Most of us, anyway
THE federal budget appears to have shattered an emerging recovery in consumer confidence, with the Westpac-Melbourne Institute index recording one of the worst post-budget results on record.
The survey, conducted during the week of the budget, showed confidence down 4.3 per cent, undoing half of the promising 8.3 per cent gain recorded the month before.
"This is the second-biggest fall following the release of a budget in the past 10 years," Westpac chief economist Bill Evans said. "In fact the only larger fall occurred in May 2006, although the reason for that was a surprise interest rate hike just before that budget."
Opposition shadow treasurer Joe Hockey told the National Press Club the figures showed the Government had bungled the selling of the budget, spinning a story of recovery far too optimistic to be believed...
"Now is the time for us to be optimistic, but it is the time to be fair dinkum," he said. "The Prime Minister and the Treasurer have been so focused on the spin of the budget that they have undermined confidence, as revealed in this data.
"Australians know when they have been spun a magic pudding story. The Government handed out $900 cash splashes, yet Australians will be paying $500 a year interest on the debt."
An Age analysis of the components of the institute index shows that views about personal finances plummeted in budget week, with the proportion of Australians surveyed believing their finances would improve in the year ahead sliding from 30 to 24 per cent. The proportion expecting an improvement in the Australian economy over the next five years also fell, from 30 to 24 per cent.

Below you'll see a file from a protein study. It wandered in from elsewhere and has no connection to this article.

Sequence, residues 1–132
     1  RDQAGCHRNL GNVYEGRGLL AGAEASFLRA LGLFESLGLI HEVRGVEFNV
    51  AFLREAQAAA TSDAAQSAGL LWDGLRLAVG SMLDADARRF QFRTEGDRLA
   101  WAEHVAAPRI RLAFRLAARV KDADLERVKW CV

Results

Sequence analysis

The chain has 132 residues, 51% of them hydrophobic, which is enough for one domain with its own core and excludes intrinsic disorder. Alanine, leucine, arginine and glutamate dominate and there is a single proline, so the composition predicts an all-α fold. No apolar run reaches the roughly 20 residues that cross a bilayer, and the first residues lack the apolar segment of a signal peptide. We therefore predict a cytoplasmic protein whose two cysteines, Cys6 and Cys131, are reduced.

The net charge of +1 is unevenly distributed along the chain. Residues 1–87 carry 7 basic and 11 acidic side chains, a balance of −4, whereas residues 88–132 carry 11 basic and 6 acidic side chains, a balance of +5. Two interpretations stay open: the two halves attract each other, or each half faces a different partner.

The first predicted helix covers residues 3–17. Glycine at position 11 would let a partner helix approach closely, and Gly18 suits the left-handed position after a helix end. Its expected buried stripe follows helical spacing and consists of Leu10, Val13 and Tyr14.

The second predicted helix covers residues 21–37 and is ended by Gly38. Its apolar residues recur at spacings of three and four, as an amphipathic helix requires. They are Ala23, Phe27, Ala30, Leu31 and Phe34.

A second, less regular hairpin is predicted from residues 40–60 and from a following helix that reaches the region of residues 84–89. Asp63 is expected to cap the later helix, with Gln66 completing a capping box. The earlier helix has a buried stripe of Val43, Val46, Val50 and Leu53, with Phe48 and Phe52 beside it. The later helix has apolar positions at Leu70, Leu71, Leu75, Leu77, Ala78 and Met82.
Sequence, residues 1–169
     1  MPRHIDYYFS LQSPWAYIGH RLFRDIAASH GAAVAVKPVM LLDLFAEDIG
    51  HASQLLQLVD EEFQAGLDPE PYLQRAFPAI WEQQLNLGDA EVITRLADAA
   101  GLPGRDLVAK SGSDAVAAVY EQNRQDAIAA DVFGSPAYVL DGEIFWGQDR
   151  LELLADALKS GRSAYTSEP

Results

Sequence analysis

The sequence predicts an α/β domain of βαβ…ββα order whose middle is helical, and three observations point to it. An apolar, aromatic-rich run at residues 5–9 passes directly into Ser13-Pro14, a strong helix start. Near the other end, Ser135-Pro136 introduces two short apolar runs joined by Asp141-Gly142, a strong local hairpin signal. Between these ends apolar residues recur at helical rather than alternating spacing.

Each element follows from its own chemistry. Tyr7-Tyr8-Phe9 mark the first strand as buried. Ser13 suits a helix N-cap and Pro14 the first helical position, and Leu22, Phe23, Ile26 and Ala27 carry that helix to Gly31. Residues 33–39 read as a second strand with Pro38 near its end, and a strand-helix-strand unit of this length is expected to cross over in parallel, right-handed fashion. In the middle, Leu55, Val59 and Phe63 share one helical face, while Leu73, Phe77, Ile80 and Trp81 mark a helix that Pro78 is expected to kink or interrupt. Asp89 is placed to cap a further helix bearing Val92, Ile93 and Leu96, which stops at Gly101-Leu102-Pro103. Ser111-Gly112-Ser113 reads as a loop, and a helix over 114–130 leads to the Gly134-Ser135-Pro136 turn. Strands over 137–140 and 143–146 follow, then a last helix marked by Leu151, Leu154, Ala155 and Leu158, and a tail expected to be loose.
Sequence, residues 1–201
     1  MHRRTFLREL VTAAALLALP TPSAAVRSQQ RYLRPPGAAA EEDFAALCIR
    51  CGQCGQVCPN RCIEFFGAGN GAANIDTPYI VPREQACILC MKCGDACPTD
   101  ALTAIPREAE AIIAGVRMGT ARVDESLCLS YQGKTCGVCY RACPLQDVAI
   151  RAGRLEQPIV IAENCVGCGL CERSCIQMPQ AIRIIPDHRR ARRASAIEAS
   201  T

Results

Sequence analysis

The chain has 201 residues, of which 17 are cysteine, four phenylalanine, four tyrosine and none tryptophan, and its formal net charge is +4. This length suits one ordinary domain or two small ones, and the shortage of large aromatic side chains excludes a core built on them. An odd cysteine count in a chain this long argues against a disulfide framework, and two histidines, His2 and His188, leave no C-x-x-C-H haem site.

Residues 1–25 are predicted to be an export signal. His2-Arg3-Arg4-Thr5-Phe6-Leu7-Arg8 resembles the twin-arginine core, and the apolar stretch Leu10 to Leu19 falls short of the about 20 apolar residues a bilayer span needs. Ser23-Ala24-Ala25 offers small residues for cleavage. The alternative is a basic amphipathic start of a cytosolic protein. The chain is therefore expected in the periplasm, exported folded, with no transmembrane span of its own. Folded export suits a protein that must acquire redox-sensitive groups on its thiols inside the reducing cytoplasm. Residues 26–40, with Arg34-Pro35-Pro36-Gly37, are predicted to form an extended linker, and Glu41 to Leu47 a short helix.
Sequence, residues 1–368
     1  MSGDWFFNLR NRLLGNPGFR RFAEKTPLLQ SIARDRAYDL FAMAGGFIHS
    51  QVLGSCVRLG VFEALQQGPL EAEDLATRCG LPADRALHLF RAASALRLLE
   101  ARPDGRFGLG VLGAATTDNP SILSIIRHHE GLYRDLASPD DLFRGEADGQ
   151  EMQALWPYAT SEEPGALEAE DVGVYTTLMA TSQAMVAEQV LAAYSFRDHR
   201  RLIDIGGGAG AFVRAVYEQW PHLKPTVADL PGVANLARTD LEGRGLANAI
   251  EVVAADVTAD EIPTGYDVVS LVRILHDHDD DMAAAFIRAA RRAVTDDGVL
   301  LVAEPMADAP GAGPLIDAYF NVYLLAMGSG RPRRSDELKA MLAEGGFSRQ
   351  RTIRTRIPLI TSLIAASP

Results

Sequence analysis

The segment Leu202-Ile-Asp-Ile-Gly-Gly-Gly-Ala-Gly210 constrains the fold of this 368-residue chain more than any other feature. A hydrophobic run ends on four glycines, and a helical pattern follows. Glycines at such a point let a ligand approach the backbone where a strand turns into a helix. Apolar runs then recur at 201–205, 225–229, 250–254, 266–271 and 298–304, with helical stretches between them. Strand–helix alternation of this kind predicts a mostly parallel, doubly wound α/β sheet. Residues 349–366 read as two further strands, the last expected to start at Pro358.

But in apparent renewed enthusiasm for retail spending, the proportion agreeing that now is "a good time to buy major household items" climbed from 43 to 46 per cent.
Mr Hockey said the Rudd Government was the "biggest-spending government in modern history", drawing on statistics that also identified the government in which he was a minister as the previous biggest spender.
"They've spent just short of $10million an hour since the moment Mr Rudd was elected, in new spending ... Some day, some way, somehow, someone's got to pay for it."
While attacking the level of debt being run up by the Government, Mr Hockey refused an invitation to identify the level of debt the Coalition thought would be appropriate.
"That's a schoolboy argument," he said. "But I'll tell you what, it would be a lot less that what Labor is racking up."
Wayne Swan responded by saying Mr Hockey had no alternative plan and was unable to demonstrate that a Liberal deficit would be one cent less than Labor's.
The institute survey shows striking differences in the way voters responded to the budget.
Coalition voters, and both low and high income earners, lost confidence during budget week. Labor voters and middle-income earners gained confidence.
Consumer Sentiment May 2009